President Obama lays out his deficit reduction plan. We’ll dig through the details and big picture.
No more Mr. Nice Guy in the White House Rose Garden yesterday, as President Obama laid out his own deficit reduction package. No more “grand bargain” talk. No more cool adult in the room while others scrapped over details.
This time the president was scrappy, combative, and clear in his framing: a fix will require more from Americans of wealth, he said. Spending cuts and more tax revenue, from the top.
Republicans raced to call it class warfare. The pundits said it won’t pass. But the markers are down now.
This hour On Point: debt, taxes and the Obama plan.
John Harwood, chief Washington correspondent for CNBC.
David Osborne, a senior partner of The Public Strategies Group, he’s also the author of “The Price of Government: Getting the Results We Need in an Age of Permanent Fiscal Crisis.” He’s also the author of this recent op-ed in the Boston Globe.
Russ Roberts, J. Fish and Lillian F. Smith Professor of Economics Chair, Mercatus Center Professor of Economics, and author of “The Price of Everything: A Parable of Possibility and Prosperity.” He’s also the author of this recent op-ed in the Boston Globe.
President Obama called for more than $3 trillion in deficit reduction this week, with much of that money coming from a tax increase for higher-income Americans. “Either we gut education and medical research or we’ve got to reform the tax code,” Obama said in a Rose Garden speech this week. He threatened to veto any bill that cuts benefits without raising taxes.
“The most important thing in the [President’s] plan is the politics,” CNBC chief Washington correspondent John Harwood told On Point. “The president, having tried and failed to negotiate a grand bargain with the House speaker over the summer, has decided that if he is going to make a deal with Congress it is going to be because he beats them over the head with public opinion.”
Critics of the president’s plan, like George Mason University economics professor Russ Roberts, claim that the proposal doesn’t go far enough to fix the country’s serious financial problems. “Three trillion dollars over ten years is not a big number,” said Roberts. “It would be easy to cut out $1.3 trillion per year and not punish poor people, children, and the elderly.”
David Osborne, a former senior advisor to Al Gore and an Obama backer, says that increasing taxes on the rich is a step in the right direction, but only a “small part of the solution.” “In my opinion, other people should be paying higher taxes too,” Osborne said. “If we want true economic health, we should go back to the tax rates of the 1990s.”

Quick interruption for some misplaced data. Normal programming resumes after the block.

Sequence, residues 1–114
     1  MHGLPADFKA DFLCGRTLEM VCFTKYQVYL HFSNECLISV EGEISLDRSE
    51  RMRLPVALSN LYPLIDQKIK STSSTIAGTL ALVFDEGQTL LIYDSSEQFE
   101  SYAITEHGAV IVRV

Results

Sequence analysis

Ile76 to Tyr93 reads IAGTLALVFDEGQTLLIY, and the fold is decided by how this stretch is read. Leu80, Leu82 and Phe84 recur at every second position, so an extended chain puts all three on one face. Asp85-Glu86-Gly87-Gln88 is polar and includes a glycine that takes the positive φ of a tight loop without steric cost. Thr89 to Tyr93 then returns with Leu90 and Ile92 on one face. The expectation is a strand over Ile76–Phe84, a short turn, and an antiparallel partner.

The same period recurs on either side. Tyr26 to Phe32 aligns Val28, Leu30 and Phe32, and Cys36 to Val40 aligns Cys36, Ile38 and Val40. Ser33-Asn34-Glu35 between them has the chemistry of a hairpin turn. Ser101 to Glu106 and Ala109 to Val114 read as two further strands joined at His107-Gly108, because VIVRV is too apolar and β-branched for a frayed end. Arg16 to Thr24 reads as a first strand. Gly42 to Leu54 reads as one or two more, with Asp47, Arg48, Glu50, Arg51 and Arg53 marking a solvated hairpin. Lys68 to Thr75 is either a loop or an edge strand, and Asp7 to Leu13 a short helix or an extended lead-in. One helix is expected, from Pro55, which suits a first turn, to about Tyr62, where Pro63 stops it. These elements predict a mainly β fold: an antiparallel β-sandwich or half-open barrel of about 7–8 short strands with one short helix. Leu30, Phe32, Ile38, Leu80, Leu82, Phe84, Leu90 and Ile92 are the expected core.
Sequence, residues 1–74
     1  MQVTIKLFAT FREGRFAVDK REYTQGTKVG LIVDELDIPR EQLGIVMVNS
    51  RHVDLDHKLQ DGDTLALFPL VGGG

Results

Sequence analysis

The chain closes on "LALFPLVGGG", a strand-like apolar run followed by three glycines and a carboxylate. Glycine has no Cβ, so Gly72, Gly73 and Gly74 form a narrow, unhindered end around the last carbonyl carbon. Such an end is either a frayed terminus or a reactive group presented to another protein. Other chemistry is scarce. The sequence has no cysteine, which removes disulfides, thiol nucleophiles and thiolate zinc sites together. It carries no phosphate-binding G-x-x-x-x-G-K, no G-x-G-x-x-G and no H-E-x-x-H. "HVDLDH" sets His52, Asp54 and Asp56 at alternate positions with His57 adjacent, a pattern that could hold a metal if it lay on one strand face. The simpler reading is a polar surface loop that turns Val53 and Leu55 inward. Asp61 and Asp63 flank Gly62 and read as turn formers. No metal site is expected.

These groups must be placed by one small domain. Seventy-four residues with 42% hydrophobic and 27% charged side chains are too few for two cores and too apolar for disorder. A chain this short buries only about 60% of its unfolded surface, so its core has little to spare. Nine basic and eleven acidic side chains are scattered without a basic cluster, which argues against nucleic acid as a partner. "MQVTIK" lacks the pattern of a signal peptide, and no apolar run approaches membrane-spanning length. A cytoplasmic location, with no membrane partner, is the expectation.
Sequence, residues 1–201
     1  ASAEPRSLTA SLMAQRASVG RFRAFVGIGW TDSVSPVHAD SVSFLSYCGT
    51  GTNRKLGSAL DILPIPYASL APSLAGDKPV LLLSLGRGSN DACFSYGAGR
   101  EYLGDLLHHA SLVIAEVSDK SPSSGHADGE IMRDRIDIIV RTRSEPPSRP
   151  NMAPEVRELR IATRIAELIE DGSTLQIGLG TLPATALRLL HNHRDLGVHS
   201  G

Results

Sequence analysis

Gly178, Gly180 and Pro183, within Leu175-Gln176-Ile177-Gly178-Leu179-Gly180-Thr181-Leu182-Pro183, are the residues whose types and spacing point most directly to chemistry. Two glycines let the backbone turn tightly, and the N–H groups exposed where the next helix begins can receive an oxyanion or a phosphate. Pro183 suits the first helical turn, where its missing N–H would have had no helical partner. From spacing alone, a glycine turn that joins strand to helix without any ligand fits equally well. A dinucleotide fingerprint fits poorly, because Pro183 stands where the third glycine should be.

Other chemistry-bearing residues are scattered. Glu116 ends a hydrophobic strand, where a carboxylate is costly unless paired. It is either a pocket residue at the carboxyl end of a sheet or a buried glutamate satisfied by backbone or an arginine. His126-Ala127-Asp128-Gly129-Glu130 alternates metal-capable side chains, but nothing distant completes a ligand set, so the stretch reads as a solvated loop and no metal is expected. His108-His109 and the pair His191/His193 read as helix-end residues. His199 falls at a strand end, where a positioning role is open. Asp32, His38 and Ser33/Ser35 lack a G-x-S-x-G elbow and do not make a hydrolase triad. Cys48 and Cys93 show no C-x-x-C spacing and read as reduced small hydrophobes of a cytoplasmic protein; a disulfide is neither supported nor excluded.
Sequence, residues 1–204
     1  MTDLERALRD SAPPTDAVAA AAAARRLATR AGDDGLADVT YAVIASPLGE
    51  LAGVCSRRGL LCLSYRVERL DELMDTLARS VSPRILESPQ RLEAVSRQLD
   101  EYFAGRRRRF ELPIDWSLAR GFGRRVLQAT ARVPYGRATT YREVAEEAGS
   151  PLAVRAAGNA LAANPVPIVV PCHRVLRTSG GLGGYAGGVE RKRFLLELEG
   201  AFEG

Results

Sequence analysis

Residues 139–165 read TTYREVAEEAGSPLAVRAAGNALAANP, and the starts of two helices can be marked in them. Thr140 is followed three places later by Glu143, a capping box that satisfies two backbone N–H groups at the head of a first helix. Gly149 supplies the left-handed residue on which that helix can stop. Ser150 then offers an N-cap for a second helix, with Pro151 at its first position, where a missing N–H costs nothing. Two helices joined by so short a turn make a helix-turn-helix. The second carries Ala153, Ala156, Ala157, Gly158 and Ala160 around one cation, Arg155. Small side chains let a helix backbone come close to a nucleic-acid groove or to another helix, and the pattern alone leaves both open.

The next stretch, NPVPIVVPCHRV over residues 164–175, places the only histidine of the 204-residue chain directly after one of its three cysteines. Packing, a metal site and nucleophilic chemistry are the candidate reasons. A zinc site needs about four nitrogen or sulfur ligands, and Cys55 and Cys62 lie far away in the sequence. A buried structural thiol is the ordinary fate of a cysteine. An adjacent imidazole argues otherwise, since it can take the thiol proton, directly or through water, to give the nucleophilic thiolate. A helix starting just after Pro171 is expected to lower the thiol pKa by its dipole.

Caller Mark from Acton, Massachusetts “Our economic crunch right now is caused by fact that demand has basically dried up. There’s a good reason for that, and that’s because demand was always driven by the middle class and the middle class has gotten very poor. The U.S. is 64th in income inequality, right below Ivory Coast, Cameroon, and Iran. [more on that here] For the last 30 years, more than 80 percent of the total increase in American incomes went to the richest one percent. And they now take home almost a quarter of all income in the United States, which is why Warren Buffett says that there is class warfare alright, but it is the rich that’s making the war and they are winning. As you pointed out, President Obama wants the top earners to go back and pay about what they paid under Clinton at which point – I’d like to remind people – that unemployment was 3.9 percent. Now, I don’t think that’s class warfare.”
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New York Magazine “Obama’s strategy now is to keep the two things separate. Last week, he introduced a jobs plan to cut taxes and spend more on things like infrastructure. He introduced his plan to reduce the long-term deficit today.”
Politico “In a feisty appearance from the White House Rose Garden, Obama detailed a proposal that reads more like a blueprint for shoring up his restless Democratic base than a vehicle for reaching across the aisle in search of bipartisan compromise. His tone — incredulous, exasperated and firm — was a notable departure from his usual reluctance to go too hard after the Republicans whom he needs to pass bills through Congress.”
CBS News “Even before President Obama unveiled his $3 trillion proposal to cut the deficit with $1.5 trillion in tax hikes for the rich, Republicans on Capitol Hill were declaring it dead, with a key lawmaker labelling it “class warfare.”"